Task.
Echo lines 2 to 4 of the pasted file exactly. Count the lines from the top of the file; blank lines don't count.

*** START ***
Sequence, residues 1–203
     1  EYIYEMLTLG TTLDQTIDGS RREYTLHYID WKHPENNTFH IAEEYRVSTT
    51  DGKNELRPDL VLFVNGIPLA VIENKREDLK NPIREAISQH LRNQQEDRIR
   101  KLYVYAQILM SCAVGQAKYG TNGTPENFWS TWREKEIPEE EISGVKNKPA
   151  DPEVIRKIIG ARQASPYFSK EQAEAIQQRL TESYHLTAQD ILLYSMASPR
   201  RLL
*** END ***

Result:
     1  EYIYEMLTLG TTLDQTIDGS RREYTLHYID WKHPENNTFH IAEEYRVSTT
    51  DGKNELRPDL VLFVNGIPLA VIENKREDLK NPIREAISQH LRNQQEDRIR
   101  KLYVYAQILM SCAVGQAKYG TNGTPENFWS TWREKEIPEE EISGVKNKPA